Papers of M. Madeline Southard, ca.1878-2016
Language of Materials
Conditions Governing Use
Copying. Papers may be copied in accordance with the library's usual procedures.
5 linear feet ((12 file boxes) plus 12 photograph folders, 1 folio+ photograph folder, 13 audiotapes)
Series I, M. MADELINE SOUTHARD, 1891-2016, n.d (#1.1-10.18, 12.9-12.10, PD.1-PD.3), includes biographical and personal material, correspondence, writings, miscellaneous publications, etc., of M. Madeline Southard.
Subseries A, Biographical and personal, 1891-2016, n.d. (#1.1-1.7, 1.17, PD.1-PD.3), is arranged alphabetically.
Subseries B, Journals, 1892-1964 (#1.8-8.11, 12.9-12.10), contains the journals Southard began keeping when she was 14 and continued into her 80s, writing about day-to-day life, including her classes at school, rooming with friend Nola, and not having enough to eat. Her entries are sporadic, ranging from daily to weekly to monthly; occasionally months would elapse between entries. She mentions going to school without a corset for the first time, and asking her "physical culture" professor how to breathe properly. (This same professor showed the class her underclothes without the corset.) On November 21, 1919, the first meeting of the International Association of Women Preachers was held in Saint Louis, Missouri, and Southard notes in her journal, "We have been making history today." Throughout the journals she comments on her ministry, missionary trips for the Woman's Christian Temperance Union, visits and visitors, current events, family members, and her health. Her last entry is from April 10, 1964, at 3:45 AM. It begins, "I can still see the stars. Thank God for that." Transcripts of the journals are typewritten, created by Yellin during her project to edit and publish the journals. The subseries is arranged chronologically. Photocopies of original journals are boxed separately to facilitate future duplication requests by researchers.
Subseries C, Correspondence, 1901-1967, n.d. (#8.12-9.12), includes letters with family, friends, and others working for the WCTU and the Methodist church about her ministry and missionary work. Of note are the Christmas letters that Southard sent to her friends and family describing her life over the preceding year. The subseries is arranged alphabetically.
Subseries D, Ministry, 1919-1978, n.d. (#9.13-10.11), includes printed material about Southard's ministry and the IAWM. The subseries is arranged alphabetically.
Subseries E, Writings, 1919-1983, n.d. (#10.12-10.18), is arranged alphabetically.
Series II, CAROL LYNN (GILMER) YELLIN, 1911-1998, n.d. (#10.19-12.7, PD.4), includes correspondence and writings of Carol Lynn Yellin, Southard's distant cousin and friend. Yellin had planned to edit Southard's journals for publication, but died before completing the project; most of the correspondence regards this effort. Family correspondence contains information about Southard's childhood and other members of her family. The series is arranged alphabetically.
Series III, AUDIOVISUAL AND PHOTOGRAPHS, ca.1878-1984 (#12.8, T-284.1 - T-284.13, PD.5-PD.13), includes oral histories given by Southard and others about her life and her family history, and photographs of Southard, her family, and her professional life.
Subseries A, Audiovisual, 1966-1984 (#12.8, T-284.1 - T-284.13), is arranged with Southard's oral history and transcript followed by those of family members Eulala (Rogers) Gilmer, Myron Northrup, Carol Lynn (Gilmer) Yellin, and Ahwilda Rogers Gray; friends Grace Haynes Jones, and Susan Ruby Lamb; and members of IAWM Rosemary Skinner Keller, Barbara Brown Zikmund, Hilda Seaton, and Rosemary Radford Reuther.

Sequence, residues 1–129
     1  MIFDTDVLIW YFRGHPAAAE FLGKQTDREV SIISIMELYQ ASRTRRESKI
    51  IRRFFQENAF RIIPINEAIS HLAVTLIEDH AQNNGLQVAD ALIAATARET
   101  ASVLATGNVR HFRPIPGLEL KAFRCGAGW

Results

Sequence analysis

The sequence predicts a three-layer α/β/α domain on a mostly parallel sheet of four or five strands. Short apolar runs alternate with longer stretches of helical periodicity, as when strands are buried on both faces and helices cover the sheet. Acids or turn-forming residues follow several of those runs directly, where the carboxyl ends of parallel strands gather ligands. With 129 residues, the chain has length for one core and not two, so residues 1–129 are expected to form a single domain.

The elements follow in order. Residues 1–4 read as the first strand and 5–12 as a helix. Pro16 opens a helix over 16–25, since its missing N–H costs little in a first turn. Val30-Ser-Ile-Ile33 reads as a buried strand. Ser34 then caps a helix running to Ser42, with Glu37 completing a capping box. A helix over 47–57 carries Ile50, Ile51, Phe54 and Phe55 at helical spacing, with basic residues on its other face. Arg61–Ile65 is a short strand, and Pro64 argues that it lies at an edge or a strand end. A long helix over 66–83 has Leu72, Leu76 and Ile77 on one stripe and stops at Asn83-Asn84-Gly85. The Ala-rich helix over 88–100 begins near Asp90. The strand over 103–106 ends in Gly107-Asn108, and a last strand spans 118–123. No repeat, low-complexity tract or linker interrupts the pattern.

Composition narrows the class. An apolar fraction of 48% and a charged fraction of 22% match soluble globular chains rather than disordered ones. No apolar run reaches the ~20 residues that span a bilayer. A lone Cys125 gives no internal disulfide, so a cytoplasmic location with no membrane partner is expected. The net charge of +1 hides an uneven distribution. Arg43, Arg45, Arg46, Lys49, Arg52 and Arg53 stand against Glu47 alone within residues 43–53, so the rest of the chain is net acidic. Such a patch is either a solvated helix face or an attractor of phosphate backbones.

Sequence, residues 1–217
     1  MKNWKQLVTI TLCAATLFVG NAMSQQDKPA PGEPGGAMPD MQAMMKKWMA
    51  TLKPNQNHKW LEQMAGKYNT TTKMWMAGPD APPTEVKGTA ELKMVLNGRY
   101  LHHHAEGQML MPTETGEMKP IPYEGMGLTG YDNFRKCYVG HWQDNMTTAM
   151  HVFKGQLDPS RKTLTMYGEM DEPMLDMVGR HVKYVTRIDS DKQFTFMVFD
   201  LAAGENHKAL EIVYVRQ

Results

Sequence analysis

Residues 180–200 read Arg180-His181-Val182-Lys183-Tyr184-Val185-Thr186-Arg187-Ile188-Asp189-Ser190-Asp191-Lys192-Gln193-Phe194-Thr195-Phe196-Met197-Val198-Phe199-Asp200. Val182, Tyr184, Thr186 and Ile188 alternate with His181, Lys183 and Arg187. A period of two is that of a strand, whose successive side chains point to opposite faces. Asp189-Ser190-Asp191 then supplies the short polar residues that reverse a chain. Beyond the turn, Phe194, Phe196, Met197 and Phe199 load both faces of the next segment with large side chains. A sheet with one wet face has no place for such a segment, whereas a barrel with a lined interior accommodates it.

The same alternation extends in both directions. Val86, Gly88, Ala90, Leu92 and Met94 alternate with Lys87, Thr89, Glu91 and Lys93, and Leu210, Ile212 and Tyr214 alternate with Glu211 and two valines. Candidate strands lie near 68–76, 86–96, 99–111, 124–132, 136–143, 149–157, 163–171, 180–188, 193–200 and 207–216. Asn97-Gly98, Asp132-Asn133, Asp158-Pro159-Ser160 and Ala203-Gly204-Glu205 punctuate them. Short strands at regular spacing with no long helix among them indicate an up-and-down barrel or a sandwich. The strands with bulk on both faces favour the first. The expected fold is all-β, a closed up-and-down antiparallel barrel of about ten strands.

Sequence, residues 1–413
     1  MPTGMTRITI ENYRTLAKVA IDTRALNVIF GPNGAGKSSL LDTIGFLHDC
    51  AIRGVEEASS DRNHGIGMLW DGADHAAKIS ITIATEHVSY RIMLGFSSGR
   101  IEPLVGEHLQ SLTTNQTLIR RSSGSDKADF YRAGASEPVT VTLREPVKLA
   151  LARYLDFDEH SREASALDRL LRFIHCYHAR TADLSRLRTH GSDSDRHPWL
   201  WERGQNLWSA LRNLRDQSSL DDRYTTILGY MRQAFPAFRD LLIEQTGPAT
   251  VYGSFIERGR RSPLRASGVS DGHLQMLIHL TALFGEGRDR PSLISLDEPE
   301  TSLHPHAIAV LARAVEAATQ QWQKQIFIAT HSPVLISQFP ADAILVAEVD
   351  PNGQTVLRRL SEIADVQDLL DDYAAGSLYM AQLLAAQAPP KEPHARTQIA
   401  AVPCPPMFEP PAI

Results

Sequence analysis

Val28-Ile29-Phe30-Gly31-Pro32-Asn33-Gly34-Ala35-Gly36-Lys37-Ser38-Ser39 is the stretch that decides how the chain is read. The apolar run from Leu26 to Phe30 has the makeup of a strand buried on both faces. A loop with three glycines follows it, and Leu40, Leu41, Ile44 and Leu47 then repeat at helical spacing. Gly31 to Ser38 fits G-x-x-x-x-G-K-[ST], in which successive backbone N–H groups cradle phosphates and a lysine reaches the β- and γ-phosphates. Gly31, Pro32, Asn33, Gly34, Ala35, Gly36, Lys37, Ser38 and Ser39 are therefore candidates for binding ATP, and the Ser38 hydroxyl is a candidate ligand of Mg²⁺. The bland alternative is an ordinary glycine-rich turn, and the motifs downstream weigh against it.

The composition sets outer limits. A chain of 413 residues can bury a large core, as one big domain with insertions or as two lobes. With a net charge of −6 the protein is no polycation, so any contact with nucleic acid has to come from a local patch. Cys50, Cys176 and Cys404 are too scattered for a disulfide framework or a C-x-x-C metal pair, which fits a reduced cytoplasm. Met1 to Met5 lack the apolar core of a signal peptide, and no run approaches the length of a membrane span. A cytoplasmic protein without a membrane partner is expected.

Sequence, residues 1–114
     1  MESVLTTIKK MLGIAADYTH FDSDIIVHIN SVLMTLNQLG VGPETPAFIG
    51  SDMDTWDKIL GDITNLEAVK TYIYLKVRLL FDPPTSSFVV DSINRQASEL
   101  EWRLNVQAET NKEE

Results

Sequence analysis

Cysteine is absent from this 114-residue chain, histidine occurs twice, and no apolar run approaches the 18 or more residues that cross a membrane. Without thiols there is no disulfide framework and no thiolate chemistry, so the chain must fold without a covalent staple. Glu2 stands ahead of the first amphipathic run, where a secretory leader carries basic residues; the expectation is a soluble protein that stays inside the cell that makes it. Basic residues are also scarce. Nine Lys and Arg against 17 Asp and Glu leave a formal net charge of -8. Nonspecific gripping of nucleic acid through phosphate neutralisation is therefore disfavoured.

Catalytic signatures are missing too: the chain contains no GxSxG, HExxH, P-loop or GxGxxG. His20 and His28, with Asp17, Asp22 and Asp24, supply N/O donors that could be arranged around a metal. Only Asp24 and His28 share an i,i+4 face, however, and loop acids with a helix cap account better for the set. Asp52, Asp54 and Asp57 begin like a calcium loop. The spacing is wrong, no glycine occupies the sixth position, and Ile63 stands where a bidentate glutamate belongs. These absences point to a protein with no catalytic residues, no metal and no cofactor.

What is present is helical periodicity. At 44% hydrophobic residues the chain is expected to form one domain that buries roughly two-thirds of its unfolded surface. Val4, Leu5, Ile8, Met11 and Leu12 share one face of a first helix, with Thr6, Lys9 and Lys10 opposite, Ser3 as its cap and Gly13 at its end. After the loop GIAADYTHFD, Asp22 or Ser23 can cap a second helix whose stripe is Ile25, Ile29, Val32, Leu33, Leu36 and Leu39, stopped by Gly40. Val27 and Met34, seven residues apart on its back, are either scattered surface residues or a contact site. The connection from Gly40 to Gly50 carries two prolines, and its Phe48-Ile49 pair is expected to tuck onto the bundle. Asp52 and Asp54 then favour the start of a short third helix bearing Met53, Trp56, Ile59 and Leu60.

Subseries B, Photographs, ca.1878-ca.1966, n.d. (#PD.5-PD.13), is arranged with photographs of M. Madeline Southard followed by those of family, friends, and places.
Most of the photographs in this collection are or will be cataloged in VIA, Harvard University's Visual Information Access database. Others, referred to as "uncataloged" photographs, are not of sufficient research interest to warrant cataloging and are simply treated as part of the documents they accompany; they are marked on the back with an asterisk in square brackets [*].
Friend and distant cousin of Southard, Carol Lynn (Gilmer) Yellin was born on March 3, 1920, in Clinton, Oklahoma, to Thomas and Eulala (Rogers) Gilmer. In 1945, Yellin served with the Red Cross during World War II. Later she was an associate editor for Reader's Digest, and co-produced the television show Face to Face with her second husband David Yellin. Together they won the 1988 Martin Luther King Jr. Human Rights Award for their work during the 1968 sanitation strike in Memphis, Tennessee. Carol Yellin died in March of 1999.
- Series I. M. Madeline Southard, 1891-2016, n.d. (#1.1-10.18, 12.9-12.10, PD.1-PD.3)
- Series II. Carol Lynn (Gilmer) Yellin, 1911-1998, n.d. (#10.19-12.7, PD.4)
- Series III. Audiovisual and photographs, ca.1878-1984, n.d. (#12.8, T-284.1 - T-284.13, PD.5-PD.13)
Immediate Source of Acquisition
The papers of M. Madeline Southard were given to the library by Thomas G. Yellin in 1999; one folder (#1.17) was given by Jerry L. Wallace in June 2017.
Accession number: 99-M26
Processed by: Cat Lea Holbrook
The following items have been transferred to the Schlesinger Library Books and Printed Materials Division:
- The Attitude of Jesus toward Women, by M. Madeline Southard, 1927
- The White Slave Traffic versus the American Home, M. Madeline Southard, 1914
By: Cat Lea Holbrook
Updated: July 2017
By: Anne Engelhart
- Southard, M. Madeline (Mabel Madeline), 1877-1967. Papers of M. Madeline Southard, ca.1878-2016: A Finding Aid
- Arthur and Elizabeth Schlesinger Library on the History of Women in America
- Processing of this collection was made possible by gifts from the Steiner Book and Manuscript Fund and the Zetlin Sisters Fund.
- EAD ID
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